Nothing is perfect but a June day in Colorado at 78 degrees is close. The softest breeze floats in the air; blazing white snow caps grace serene mountains that mark the Western horizon; a few clouds dot the powder blue sky. You can still get all of this in the heart of the city.

In August, 50,000 delegates (super and regular), protesters, and media types will join me for lunch in downtown Denver when they take a break from the Democratic National Convention. I hope this doesn't mean that I will have to stand in line to get into the 20th.

Manuel Ramos - all rights reserved

Latinos in Lotusland: Book Event

Celebrating the release of Latinos in Lotusland: An Anthology of Contemporary Southern California Literature (Bilingual Press, 2008), edited by Daniel Olivas, come join the editor with four of the thirty-four contributors to the anthology: Sandra Ramos O'Briant, Lisa Alvarez, Victorio Barragan and Conrad Romo as they read from their stories. Refreshments will be served.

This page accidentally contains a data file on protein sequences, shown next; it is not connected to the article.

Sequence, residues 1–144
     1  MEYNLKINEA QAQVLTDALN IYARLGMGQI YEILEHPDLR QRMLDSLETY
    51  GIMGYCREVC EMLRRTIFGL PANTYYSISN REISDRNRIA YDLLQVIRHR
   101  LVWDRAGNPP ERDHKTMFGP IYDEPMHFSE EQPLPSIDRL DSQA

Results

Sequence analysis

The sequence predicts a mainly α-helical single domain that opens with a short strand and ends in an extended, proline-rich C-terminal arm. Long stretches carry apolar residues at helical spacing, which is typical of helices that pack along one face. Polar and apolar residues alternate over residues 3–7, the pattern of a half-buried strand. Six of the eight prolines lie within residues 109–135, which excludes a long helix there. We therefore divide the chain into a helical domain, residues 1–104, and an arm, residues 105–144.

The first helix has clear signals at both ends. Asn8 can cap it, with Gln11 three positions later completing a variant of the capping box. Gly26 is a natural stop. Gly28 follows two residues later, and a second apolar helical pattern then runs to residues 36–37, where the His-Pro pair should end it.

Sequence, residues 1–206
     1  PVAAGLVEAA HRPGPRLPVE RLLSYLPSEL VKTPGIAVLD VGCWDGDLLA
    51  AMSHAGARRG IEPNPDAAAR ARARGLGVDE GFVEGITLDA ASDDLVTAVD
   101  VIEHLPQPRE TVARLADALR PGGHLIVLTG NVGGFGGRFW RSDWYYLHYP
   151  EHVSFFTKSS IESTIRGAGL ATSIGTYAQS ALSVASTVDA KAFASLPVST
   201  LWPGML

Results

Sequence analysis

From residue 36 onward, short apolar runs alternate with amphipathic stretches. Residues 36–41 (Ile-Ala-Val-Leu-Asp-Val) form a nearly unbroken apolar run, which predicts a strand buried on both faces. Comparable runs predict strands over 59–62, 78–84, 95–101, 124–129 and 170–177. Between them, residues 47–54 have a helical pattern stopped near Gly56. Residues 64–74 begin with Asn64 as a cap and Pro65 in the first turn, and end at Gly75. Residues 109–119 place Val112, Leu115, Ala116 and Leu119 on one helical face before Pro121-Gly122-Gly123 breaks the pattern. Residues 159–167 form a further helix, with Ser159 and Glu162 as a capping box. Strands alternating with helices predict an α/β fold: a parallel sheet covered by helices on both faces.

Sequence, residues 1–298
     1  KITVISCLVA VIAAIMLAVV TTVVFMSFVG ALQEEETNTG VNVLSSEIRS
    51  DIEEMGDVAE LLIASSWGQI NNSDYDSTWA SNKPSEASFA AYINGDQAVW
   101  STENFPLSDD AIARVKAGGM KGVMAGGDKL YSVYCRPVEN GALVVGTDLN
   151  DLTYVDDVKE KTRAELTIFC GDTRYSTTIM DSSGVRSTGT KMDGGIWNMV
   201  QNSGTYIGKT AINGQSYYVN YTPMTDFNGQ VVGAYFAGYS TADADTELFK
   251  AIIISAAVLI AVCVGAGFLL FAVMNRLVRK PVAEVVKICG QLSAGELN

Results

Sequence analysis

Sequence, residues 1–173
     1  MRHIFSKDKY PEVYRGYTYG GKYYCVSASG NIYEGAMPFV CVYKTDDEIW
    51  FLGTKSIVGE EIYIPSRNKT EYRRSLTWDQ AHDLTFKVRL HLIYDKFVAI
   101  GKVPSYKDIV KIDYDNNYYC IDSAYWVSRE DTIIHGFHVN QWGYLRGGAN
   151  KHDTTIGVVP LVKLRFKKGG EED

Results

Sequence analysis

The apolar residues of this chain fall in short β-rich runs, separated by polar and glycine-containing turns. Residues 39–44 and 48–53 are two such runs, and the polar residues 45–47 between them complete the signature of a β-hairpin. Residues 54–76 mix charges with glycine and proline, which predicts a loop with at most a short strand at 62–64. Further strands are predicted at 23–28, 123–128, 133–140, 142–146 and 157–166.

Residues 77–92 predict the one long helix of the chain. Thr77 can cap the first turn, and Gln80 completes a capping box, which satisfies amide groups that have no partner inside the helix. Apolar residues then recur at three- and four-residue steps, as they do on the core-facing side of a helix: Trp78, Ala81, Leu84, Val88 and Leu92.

When: Friday, June 13, 2008

Time: 7:00 p.m. to 9:00 p.m.

Where: Vroman's Bookstore, 695 E. Colorado Blvd., Pasadena, CA 91101

Contact: 626-449-5320



Mario Acevedo said...

Yes, Chelos tamales are the best in the city. Unfortunately, I think many of the DNC delegates will not get past the Hard Rock Cafe, Chilis, or The Cheesecake Factory.

Manuel Ramos said...

Or fortunately, depending on how one looks at the idea of throngs of pols passing up the chains and converging on one's favorite eating and watering holes. Remember, these are the people who might figure out a way to lose the election to Bush's party. All of Chelo's menu is very good. And there are more people eating there lately. We might have to revive the Steve and Edie Gourmet Taco Club and put Chelo's on the itinerary (before your time, Mario.)

Anonymous said...